[DRBD-user] The Problem of File System Corruption w/DRBD
eric.robinson at psmnv.com
Fri Jun 4 15:08:36 CEST 2021
> -----Original Message-----
> From: drbd-user-bounces at lists.linbit.com <drbd-user-
> bounces at lists.linbit.com> On Behalf Of Robert Altnoeder
> Sent: Friday, June 4, 2021 6:15 AM
> To: drbd-user at lists.linbit.com
> Subject: Re: [DRBD-user] The Problem of File System Corruption w/DRBD
> On 03 Jun 2021, at 21:41, Eric Robinson <eric.robinson at psmnv.com> wrote:
> > It's a good thing that DRBD faithfully replicates whatever is passed to it.
> However, since that is true, it does tend to enable the problem of filesystem
> corruption taking down a whole cluster. I'm just asking people for any
> suggestions they may have for alleviating that problem. If it’s not fixable,
> then it’s not fixable.
> > Part of the reason I’m asking is because we’re about to build a whole new
> data center, and after 15 years of using DRBD we are beginning to look at
> other HA options, mainly because of the filesystem as a weak point. I should
> mention that it has *never* happened before, but the thought of it is scary.
> Oh, you’ve opened that can of worms, one of my favorite topics ;)
> I guess, I have bad news for you, because you have only just found the
> entrance to that rabbit hole. There are *lots* of things that can take down
> your entire cluster, and the filesystem is probably the least of your concerns
> here, so I think you’re looking at the wrong thing here. Unfortunately, none
> of them can be fixed by high-availability, because the problem area that you
> are talking about is not high-availability, it’s high-reliability.
> Let me give you a few examples on why high-reliability is something
> completely different than high-availability:
> 1. Imagine your application ends up in a corrupted state, but keeps running.
> Pacemaker might not even see that - the monitoring possibly just sees that
> the application is still running, so the cluster does not see any need to do
> anything, but the application does not work anymore.
> 2. Imagine your application crashes and leaves its data behind in a corrupted
> state in a file on a perfectly good filesystem - e.g., crashes after having
> written only 20% of the file’s content. Now Pacemaker restarts the
> application, but due to the corrupted content in its data file, the application
> cannot start. Pacemaker migrates the application to another node, which
> obviously - due to synchronous replication - has the sama data. The
> application cannot start there. The whole game continues until Pacemaker
> runs out of nodes to try and start the application, because it doesn’t work
> 3. Even worse, there could be a bug hidden in Pacemaker or Corosync that
> crashes the cluster software on all nodes at the same time, so that high-
> availability is lost. Then, your application crashes. Nothing’s there to restart it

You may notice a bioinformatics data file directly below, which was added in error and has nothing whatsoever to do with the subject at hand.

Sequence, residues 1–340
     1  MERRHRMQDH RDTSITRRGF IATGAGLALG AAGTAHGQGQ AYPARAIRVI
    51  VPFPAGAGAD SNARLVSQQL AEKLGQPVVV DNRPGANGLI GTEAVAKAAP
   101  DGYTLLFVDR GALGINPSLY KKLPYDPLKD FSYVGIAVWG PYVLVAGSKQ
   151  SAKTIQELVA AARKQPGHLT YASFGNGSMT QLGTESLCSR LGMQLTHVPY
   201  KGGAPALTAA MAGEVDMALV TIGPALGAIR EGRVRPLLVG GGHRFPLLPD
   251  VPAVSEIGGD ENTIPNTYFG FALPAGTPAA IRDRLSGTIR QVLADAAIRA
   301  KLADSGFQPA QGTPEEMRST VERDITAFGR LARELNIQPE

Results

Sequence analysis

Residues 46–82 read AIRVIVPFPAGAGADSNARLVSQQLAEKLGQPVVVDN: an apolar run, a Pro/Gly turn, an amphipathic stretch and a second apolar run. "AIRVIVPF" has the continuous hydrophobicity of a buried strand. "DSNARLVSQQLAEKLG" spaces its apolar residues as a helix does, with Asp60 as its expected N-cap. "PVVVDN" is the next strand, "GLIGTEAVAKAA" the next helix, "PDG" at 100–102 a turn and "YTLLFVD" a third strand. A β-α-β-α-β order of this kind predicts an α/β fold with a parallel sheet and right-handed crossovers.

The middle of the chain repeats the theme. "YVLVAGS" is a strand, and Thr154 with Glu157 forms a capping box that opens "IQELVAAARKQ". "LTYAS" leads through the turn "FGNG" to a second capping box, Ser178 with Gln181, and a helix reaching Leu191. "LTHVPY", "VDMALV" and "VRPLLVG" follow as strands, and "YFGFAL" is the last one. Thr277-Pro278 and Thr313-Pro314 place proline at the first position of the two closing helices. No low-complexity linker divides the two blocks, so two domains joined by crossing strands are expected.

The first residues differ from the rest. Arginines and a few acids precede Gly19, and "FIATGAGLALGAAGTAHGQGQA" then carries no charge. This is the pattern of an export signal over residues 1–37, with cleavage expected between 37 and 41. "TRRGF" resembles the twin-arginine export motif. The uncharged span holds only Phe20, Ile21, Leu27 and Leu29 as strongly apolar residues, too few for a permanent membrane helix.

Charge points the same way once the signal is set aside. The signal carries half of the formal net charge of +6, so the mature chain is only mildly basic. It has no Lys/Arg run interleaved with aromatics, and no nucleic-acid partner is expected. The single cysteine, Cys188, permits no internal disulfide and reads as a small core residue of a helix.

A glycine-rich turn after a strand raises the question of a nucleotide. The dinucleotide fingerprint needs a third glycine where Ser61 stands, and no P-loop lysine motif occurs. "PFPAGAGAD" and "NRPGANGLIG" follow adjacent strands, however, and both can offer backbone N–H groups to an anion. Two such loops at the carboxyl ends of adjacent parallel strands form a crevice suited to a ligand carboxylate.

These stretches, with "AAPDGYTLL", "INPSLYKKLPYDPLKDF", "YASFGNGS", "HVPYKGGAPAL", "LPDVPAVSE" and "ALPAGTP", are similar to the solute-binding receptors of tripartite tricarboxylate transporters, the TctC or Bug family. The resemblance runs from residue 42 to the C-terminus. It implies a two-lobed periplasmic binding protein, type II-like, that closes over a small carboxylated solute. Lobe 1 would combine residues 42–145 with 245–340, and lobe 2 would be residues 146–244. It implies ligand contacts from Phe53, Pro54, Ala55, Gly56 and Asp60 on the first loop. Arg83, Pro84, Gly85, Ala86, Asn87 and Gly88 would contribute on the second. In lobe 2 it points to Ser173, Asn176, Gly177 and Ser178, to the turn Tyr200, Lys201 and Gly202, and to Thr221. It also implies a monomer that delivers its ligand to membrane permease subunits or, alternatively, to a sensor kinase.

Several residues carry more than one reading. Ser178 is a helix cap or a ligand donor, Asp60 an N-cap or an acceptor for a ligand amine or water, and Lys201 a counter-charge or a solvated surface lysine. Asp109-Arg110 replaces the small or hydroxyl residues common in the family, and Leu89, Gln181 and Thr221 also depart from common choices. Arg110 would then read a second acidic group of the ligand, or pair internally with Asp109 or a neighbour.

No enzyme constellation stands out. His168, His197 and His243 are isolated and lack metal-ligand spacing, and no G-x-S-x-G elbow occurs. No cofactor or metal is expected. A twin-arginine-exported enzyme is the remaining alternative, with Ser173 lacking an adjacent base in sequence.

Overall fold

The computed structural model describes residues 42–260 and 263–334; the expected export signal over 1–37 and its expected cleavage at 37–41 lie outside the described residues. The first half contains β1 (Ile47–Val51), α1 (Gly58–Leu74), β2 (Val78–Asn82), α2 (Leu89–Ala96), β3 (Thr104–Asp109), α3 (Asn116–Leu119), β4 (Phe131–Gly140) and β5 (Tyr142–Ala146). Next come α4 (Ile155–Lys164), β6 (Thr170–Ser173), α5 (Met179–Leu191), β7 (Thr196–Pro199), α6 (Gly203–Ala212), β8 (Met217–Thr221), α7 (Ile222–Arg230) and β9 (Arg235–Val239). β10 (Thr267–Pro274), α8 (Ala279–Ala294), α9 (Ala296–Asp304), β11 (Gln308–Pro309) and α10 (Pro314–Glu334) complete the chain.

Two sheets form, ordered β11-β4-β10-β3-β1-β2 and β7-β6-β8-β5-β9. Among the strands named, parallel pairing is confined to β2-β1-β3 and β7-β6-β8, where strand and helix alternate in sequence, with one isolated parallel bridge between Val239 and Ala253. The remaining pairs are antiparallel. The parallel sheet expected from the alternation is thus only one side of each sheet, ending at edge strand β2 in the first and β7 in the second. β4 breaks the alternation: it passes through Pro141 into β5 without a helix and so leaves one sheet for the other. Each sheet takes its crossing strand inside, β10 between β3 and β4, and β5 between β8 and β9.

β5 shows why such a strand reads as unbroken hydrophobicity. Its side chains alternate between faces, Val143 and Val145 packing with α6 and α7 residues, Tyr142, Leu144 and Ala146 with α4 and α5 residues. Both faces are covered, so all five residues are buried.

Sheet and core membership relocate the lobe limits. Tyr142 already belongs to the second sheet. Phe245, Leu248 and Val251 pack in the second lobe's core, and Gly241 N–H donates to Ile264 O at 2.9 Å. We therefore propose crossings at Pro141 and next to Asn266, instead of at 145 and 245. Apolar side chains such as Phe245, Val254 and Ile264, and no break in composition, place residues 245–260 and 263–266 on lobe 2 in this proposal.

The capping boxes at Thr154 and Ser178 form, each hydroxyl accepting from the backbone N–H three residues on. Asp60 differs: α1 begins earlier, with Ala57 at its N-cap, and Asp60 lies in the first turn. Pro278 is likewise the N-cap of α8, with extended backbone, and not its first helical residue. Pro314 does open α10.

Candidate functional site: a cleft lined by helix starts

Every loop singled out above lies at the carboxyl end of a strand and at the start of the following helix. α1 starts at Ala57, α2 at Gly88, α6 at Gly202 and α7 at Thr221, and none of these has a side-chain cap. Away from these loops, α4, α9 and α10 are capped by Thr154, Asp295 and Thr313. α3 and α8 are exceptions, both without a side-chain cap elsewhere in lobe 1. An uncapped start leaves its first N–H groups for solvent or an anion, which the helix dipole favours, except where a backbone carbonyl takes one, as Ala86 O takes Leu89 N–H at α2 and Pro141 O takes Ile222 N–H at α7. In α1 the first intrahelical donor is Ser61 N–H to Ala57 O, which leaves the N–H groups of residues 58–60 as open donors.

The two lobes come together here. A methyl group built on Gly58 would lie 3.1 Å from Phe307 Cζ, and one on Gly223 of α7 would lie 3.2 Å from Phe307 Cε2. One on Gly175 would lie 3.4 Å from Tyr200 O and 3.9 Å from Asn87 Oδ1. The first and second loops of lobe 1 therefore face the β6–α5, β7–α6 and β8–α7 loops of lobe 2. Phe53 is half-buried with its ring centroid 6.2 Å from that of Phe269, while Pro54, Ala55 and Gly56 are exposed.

> 4. Ultimate worst case: there could be a bug in the Linux kernel, especially
> somewhere in the network or I/O stack, that crashes all nodes
> simultaneously - especially on operations, where all of the nodes are doing
> the same thing, which is not that atypical for clusters - e.g., repliaction to all
> nodes, or distributed locking, etc.
> It’s not even that unlikely.
> You might be shocked to hear that it has already happened to me - while
> developing or testing/experimenting, e.g. with experimental code. I have
> even crashed all nodes of an 8 node cluster simultaneously, and not just
> once. I have also had cases where my cluster fenced all its nodes.
> It’s not impossible - BUT it’s also not common on a well-tested production
> system that doesn’t continuously run tests of crazy corner cases like I do on
> my test systems.
> Obviously, adding more nodes does not solve any of those problems. But the
> real question is whether your use case is so critical that you really need to
> prevent any of those from occuring once (because those don’t seem to
> happen that often, otherwise we would have heard about it).
> If it’s really that level of critical, then you’re running the wrong hardware, the
> wrong operating system and the wrong applications, and what you’re really
> looking for is a custom-designed high-reliability (not just high-availability)
> solution, with dissimilar hardware platforms, multiple independent code
> implementations, formally verified software design and implementation, etc.
> - like the ones used for special purpose medical equipment, safety-critical
> industrial equipment, avionics systems, nuclear reactor control, etc. - you get
> the idea. Now you know why those aren’t allowed run on general-purpose
> hardware and software.
Those are all good points. Since the three legs of the information security triad are confidentiality, integrity, and availability, this is ultimately a security issue. We all know that information security is not about eliminating all possible risks, as that is an unattainable goal. It is about mitigating risks to acceptable levels. So I guess it boils down to how each person evaluates the risks in their own environment. Over my 38-year career, and especially the past 15 years of using Linux HA, I've seen more filesystem-type issues than the other possible issues you mentioned, so that one tends to feature more prominently on my risk radar.
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